Category Archives: Writing

Arrivederci San Lorenzo Market

Vendors' carts and awnings line the street across from Florence's Basilica San Lorenzo. Photo by Roy Scarbrough

Vendors’ carts and awnings line the street across from Florence’s Basilica San Lorenzo. Photo by Roy Scarbrough

The three bouquets someone attached to the barricades could stand as funerary offerings for the once-lively and historic marketplace. The city of Florence has cast out the money and souvenir exchangers from the vicinity of San Lorenzo Basilica steps.

Not everyone is sorry that the street merchants of the San Lorenzo Market have folded up their canvas awnings and wheeled their push carts away. Some folks are happy with the newly unobstructed views of one of the city’s principal Renaissance-era structures, Basilica San Lorenzo. The news has not been good for the vendors who have long operated a kind of flea market around the church. The city has now ordered them out.

Officially, the move is temporary. The city needs to reset the paving stones in the street and in the plaza as part of a redevelopment plan for the district.  These things take time, a lot of time in Italy. There’s no guarantee that vendors will be back, and even the mayor is talking like merchants are gone for good.

The marketplace has its own cultural history. The vendors have been saying they have been in the piazza since 1792. That was barely twenty years after workers completed the finishing touches on the church.

View from space: Google satellite view of merchant stalls against the old church.

View from space: Google satellite view of merchant stalls against the old church.

In the decades that poets Robert and Elizabeth Browning lived in Florence, Robert liked to browse through the old books in the market. In 1860, at one of the vendor’s stalls, Browning found a bound volume of official trial court records of the 1698 Franceschini murder case. This was a sordid affair involving a count who killed his unfaithful wife and in-laws, a story that became the basis of Robert’s best selling book, a long narrative poem, The Ring and the Book.

A tweet from Mayor Matteo Renzi last week shows the extent that some people welcome the ouster of the street merchants. “Basilica di San Lorenzo libertata dalle bancarelle'” the Mayor Tweeted. That is,  “Basilica San Lorenzo now liberated from the cart vendors.  We have liberated as promised the San Lorenzo area. One of the most beautiful places in the world. ” You’d expect that there was similar sentiments expressed over the end of the French occupation of 1494.

A quick check of more  #Firenze tweets shows some solidarity with the popular mayor. “What a beautiful sunny day it is in Florence. San Lorenzo without the push carts.” says another Italian language tweet.

Personally, I’ve enjoyed the buzz of the place.  I’ve watched the vendors in the mornings wheel their carts to the lanes surrounding the old church and its cloisters, then spread their white canvas awnings. And I’ve watched these fellows push their rigs home, down dark, half-lit, narrow streets at night, the wheels rattling over the paving stones.  The selfie I use for my Twitter avatar happens to be a picture I took while standing front of a cracked full-length mirror that one of the vendors had set out for his customers. So, there was something there that was part of my identity.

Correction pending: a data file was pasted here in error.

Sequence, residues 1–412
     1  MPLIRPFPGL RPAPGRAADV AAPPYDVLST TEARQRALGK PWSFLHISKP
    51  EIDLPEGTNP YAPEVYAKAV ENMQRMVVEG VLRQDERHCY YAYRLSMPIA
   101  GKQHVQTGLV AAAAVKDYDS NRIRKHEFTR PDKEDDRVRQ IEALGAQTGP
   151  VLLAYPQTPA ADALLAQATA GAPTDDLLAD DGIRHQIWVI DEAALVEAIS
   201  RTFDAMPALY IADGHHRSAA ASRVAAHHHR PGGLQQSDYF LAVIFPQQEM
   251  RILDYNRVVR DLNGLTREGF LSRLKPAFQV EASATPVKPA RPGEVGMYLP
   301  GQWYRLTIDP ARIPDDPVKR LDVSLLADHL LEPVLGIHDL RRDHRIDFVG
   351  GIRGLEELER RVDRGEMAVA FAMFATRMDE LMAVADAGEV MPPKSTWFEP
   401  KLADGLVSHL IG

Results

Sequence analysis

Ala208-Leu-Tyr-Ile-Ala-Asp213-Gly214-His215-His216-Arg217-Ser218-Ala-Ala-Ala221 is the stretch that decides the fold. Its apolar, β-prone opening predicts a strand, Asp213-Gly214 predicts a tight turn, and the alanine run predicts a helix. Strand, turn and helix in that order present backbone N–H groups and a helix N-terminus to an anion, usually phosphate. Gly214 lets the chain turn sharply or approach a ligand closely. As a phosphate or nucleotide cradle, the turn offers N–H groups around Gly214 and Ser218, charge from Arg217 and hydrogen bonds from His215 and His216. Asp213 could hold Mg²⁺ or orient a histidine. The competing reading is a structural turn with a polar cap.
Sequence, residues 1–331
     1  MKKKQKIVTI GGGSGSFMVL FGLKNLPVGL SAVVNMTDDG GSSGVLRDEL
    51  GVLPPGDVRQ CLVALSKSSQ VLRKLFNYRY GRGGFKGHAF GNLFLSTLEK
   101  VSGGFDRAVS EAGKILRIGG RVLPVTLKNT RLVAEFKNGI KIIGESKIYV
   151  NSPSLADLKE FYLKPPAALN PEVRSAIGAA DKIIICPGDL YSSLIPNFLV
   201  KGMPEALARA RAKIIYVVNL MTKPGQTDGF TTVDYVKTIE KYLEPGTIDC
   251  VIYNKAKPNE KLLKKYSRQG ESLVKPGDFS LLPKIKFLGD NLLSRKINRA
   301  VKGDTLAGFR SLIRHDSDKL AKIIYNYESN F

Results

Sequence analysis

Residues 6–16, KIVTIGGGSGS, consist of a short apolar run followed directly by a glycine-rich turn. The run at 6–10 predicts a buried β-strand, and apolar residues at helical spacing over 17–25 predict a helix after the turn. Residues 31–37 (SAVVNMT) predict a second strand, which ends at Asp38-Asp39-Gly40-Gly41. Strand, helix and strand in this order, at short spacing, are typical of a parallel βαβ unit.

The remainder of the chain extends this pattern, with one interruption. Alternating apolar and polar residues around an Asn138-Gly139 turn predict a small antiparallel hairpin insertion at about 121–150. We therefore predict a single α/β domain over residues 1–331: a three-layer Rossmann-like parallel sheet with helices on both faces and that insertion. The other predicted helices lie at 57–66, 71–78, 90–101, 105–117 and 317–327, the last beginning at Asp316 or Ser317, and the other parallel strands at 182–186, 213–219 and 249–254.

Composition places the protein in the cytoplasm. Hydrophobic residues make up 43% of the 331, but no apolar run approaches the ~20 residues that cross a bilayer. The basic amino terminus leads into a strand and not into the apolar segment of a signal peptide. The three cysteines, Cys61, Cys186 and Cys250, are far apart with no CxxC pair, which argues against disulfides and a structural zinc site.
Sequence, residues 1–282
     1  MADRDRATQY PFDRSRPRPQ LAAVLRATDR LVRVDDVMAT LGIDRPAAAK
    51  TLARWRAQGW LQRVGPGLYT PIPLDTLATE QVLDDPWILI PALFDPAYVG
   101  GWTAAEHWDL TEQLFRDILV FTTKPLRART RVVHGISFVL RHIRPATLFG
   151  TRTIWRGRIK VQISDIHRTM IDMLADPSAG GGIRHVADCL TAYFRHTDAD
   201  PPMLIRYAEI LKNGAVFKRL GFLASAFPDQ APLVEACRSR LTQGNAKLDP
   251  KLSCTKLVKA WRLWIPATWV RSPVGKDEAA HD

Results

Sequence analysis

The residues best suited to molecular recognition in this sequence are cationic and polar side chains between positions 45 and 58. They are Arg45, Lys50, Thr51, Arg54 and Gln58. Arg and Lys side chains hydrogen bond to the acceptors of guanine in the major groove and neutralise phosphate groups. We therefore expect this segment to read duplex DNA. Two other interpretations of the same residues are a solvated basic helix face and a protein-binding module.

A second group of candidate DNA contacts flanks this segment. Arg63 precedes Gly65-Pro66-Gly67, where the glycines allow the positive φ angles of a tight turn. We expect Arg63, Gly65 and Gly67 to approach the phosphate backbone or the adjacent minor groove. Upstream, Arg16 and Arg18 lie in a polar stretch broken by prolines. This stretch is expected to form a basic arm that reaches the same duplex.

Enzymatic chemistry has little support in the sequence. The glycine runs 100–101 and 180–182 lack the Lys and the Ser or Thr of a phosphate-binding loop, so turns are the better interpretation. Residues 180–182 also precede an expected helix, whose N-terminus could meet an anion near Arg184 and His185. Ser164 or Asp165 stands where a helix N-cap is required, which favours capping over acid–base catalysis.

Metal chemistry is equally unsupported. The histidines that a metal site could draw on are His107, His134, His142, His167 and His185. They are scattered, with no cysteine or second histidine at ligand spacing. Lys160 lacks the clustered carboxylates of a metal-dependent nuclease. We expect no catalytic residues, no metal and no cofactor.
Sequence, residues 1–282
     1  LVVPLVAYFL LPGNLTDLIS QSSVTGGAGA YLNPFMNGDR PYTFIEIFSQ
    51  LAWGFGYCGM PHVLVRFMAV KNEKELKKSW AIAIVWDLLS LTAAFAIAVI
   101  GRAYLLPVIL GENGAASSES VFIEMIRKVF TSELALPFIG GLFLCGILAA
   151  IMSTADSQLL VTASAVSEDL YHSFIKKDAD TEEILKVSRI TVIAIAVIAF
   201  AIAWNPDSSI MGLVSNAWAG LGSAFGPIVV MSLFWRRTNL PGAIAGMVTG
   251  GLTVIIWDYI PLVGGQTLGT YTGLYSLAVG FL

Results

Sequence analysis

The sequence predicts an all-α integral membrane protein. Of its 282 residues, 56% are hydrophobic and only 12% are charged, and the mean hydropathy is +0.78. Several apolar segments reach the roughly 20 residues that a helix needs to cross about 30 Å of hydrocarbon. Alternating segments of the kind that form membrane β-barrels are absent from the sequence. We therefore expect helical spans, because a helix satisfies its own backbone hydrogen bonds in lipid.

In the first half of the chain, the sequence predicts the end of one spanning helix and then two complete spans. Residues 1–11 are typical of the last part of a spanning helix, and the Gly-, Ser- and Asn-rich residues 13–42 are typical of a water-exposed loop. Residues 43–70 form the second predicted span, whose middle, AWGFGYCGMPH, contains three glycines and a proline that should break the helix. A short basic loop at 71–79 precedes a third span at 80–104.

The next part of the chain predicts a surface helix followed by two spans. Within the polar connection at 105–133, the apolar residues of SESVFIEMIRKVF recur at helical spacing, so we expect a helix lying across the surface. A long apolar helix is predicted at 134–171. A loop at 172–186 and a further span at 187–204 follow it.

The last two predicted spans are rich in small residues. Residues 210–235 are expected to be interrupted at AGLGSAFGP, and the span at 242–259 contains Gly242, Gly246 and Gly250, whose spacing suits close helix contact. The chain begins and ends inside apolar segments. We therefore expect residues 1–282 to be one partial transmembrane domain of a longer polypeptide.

I’ve always found the vendors convivial. On the final day of my last visit to Florence, I bought two men’s wool scarves.  He told me his name is Eddie. I’m guessing it was really, Eduardo, but he wanted me to know him as Eddie. I liked him, and it seemed like he liked me. Eddie taught me how to tie them in the traditional Florentine fashion.  When it came time to pay, I was short of Euro. I tell I’ll come back for my purchase after visiting the ATM.  He says, no, take them now. You come back and pay me.”

Over the years I’ve purchased two Chinese-made wallets.  Functional wallets with a built-in coin purse in a style I think I might now have to have custom made. I’ve bought maybe three Italian-made woolen neck scarves, and a pair of sandals from an Italian manufacturer that claimed on its tag to supply the pope with footwear.

To be fair, none of these things I’ve purchased in the San Lorenzo market were produced by local craftsmen, which is part of the public’s complaint against these vendors.  While the marketplace has historic roots, its critics see it as lacking in complete authenticity. Robert Browning was English and the 17th Century murder trial documents he purchased came from Rome. Fair enough. Still,  there’s stuff there that people who live in the neighborhood can use. As far as I know, the San Lorenzo Market commotion never woke the Medici dead, and its reputed tackiness has never made any of them roll over in their tombs across the street.

flowerslorenzo

So what’s the big picture? Change happens. People adjust. Across town, for hundreds of years, butchers and tanners occupied the shops on the Ponte Vecchio. Their time to go came one day in 1593 when they were replaced by the goldsmiths on order of Duke Fernando de Medici, who disliked the odors from those establishments.

Who now misses the butchers?  Not many, but I think I would like to see them at work when crossing the Arno.  The jewelry I see in the Ponte Vecchio windows doesn’t interest me so much. When I see all the gold, and the high-Euro price tags, I try to remember the tanners and butchers.